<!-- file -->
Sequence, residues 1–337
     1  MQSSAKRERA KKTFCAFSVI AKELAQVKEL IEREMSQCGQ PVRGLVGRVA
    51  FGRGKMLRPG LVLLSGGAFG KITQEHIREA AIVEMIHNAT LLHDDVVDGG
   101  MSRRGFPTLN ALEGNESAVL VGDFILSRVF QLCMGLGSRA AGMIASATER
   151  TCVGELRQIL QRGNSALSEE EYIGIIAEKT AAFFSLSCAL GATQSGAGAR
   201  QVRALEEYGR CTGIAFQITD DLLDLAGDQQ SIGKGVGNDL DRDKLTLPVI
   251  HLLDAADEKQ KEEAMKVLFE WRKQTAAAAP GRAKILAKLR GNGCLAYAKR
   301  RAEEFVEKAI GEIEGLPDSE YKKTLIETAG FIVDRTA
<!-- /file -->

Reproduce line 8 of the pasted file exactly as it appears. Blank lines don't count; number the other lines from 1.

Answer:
   301  RAEEFVEKAI GEIEGLPDSE YKKTLIETAG FIVDRTA